Nuclear power still needed in U.S., members of Congress say
SPRINGFIELD -- The effects of a natural disaster on nuclear power plants in Japan shouldn’t derail efforts to develop nuclear power in the United States, members of the U.S. House who represent Springfield said Monday.
“I’m a proponent of nuclear energy,” said U.S. Rep. Bobby Schilling, R-Colona. He called the earthquake and tsunami in Japan “horrible,” but also said he’d read that one reactor involved was 40 years old.
Schilling said he believes in “all-of-the-above” when working to provide energy to the United States.
“When a plane crashes, do we stop flying?” Schilling asked. “Of course we don’t. What we do is we go in and we improve that plane and make it better.”
“Nuclear is clean and green — how’s that?” Schilling added.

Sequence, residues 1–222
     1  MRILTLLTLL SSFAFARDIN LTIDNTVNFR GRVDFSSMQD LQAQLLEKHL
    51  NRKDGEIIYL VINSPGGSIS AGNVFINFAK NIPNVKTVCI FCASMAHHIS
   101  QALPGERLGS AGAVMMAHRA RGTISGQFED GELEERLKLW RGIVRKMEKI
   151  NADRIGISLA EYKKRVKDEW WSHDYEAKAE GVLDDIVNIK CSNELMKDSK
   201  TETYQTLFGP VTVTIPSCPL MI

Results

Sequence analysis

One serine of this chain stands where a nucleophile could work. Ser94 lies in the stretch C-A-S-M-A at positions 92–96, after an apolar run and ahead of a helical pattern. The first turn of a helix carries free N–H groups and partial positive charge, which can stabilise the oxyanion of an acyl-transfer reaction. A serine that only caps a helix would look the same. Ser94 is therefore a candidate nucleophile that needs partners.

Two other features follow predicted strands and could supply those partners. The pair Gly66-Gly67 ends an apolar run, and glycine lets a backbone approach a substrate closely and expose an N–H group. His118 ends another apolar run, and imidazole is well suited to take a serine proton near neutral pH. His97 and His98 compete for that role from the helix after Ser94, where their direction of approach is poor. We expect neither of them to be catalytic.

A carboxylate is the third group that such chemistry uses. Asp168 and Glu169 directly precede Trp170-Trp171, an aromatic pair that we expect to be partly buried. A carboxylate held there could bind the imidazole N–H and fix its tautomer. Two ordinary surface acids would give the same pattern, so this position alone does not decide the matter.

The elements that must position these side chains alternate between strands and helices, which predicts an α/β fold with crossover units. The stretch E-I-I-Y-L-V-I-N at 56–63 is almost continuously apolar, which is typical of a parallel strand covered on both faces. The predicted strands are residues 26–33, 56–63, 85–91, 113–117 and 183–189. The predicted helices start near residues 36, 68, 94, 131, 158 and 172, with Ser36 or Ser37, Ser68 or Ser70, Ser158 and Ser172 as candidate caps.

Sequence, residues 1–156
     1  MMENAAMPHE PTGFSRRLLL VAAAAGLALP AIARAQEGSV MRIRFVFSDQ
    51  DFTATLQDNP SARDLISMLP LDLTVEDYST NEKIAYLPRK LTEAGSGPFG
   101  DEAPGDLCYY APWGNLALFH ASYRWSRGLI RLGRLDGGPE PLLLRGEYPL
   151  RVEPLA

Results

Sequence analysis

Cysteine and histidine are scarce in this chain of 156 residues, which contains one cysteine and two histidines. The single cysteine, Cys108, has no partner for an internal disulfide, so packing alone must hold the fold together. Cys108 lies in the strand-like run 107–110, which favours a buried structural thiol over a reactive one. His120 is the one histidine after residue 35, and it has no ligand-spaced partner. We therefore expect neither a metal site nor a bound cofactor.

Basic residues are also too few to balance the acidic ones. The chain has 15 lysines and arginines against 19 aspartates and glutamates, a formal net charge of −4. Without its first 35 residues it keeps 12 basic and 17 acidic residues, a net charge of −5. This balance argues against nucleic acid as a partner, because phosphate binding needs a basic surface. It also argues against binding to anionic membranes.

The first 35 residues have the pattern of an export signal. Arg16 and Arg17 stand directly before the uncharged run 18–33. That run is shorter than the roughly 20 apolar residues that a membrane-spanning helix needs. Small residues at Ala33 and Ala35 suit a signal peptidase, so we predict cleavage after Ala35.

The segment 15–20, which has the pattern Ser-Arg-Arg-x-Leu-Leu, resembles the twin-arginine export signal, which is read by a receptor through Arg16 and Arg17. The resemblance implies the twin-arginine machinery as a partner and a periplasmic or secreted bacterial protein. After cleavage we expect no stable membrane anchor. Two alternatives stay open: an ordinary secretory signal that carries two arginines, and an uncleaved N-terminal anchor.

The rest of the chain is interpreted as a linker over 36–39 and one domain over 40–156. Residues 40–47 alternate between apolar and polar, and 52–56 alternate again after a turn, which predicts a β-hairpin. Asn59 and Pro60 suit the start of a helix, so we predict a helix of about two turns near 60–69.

U.S. Rep. John Shimkus, R-Collinsville, chairs the environment and the economy subcommittee of the House Energy and Commerce Committee.
“I continue to support the planning and development of new nuclear power plants in the United States,” Shimkus said in a statement. “We cannot stop the process, as there are a few plants in the planning stages now.”
However, Shimkus also said, “Moving forward does not mean we close our eyes to the situation in Japan.”
U.S. Rep. Aaron Schock, R-Peoria, said in a visit to the Citizens Club of Springfield last month that nuclear power should be part of the mix.
“We can become electrically independent as a country,” Schock said then. “We have the ability to do that, much like France and other European countries have, if we invest in nuclear power” while also increasing development of solar and wind power.
Schock spokesman Steve Dutton said Monday that Schock hasn’t changed his position “one bit.” Schock’s response, Dutton said, is, “There’s nothing more dangerous than relying on foreign sources for our country’s energy supply.”
Bernard Schoenburg can be reached at (217) 788-1540.